In you who abides conspicuously in the state of refuge, I seek refuge. So that I do not wander through this world loafing in this place and that place; / So that I might come to and then go beyond that abode which is my adversity-ending end, The meanings of kṣayam include both ending and abode. Like the hāra of verse 36, kṣaya is one of Aśvaghoṣa’s favourite words for punning. 55 please, repeatedly I plead that you help me.” Again, the closing two syllables of each pāda are repeated: ...śraye śraye; ...diśaṃ diśam; ...kṣayaṃ kṣayam; ... sataḥ sataḥ. The sense of the repetitiveness of Nanda’s pleading is emphasized not only by the sound of śaṁsataḥ sataḥ, but also by the meaning of śaṁsataḥ, from the root √śams, to repeat. 56// 10.57 //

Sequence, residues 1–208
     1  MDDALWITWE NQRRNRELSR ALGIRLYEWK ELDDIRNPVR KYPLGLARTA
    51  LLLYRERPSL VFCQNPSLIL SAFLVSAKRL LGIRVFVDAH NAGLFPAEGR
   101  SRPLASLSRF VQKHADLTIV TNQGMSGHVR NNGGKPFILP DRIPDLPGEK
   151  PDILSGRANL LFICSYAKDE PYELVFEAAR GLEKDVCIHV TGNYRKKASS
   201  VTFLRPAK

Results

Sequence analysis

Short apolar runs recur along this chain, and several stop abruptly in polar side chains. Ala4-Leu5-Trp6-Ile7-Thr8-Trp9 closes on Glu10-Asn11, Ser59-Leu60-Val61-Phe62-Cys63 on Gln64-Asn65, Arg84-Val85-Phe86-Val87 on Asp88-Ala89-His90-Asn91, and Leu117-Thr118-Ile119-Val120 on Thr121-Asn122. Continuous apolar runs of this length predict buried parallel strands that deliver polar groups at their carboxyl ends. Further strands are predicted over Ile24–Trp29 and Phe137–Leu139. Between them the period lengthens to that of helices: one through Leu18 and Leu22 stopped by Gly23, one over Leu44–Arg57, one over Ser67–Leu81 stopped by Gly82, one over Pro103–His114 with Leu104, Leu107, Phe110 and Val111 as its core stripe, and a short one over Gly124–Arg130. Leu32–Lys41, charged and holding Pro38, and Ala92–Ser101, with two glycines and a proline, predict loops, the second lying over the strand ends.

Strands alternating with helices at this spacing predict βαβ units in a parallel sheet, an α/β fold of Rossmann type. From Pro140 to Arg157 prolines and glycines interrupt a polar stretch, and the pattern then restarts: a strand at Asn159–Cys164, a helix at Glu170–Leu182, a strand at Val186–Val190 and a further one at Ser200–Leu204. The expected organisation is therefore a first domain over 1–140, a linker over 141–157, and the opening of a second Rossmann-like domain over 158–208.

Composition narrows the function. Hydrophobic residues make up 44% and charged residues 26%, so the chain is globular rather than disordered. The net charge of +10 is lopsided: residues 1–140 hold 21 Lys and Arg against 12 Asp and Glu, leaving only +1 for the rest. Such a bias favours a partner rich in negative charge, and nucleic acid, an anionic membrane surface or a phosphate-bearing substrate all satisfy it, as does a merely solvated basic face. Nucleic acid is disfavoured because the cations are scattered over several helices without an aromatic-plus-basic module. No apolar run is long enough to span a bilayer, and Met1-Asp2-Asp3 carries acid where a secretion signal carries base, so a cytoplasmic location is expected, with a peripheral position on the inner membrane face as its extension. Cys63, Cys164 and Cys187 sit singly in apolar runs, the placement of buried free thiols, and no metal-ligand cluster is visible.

tato jighāṁsur hṛdi tasya tat-tamas tamo-nudo naktam ivotthitaṁ tamaḥ /
maharṣi-candro jagatas tamo-nudas tamaḥ-prahīṇo nijagāda gautamaḥ // 10.58 //

Desiring to dispell that darkness in his heart like the moon Tamo-nuda, “darkness-disperser,” means the sun or, as in this case, the moon. 57 dispersing the darkness that rises by night, / Then spoke the moon of great seers, the disperser of the world’s darkness, the one devoid of darkness – Gautama: // 10.58 //

dhṛtiṁ pariṣvajya vidhūya vikriyāṁ nigṛhya tāvac chruta-cetasī śṛṇu /
imā yadi prārthayase tvam aṅganā vidhatsva śulkārtham ihottamaṁ tapaḥ // 10.59 //

“Embrace firmness, shake off indecision, get a grip of hearing and of heart, and listen! / If you desire these women practise now the utmost asceticism to pay their price. // 10.59 //

imā hi śakyā na balān na sevayā na saṁpradānena na rūpavattayā /
imā hriyante khalu dharma-caryayā sacet praharṣaś cara dharmam ādṛtaḥ // 10.60 //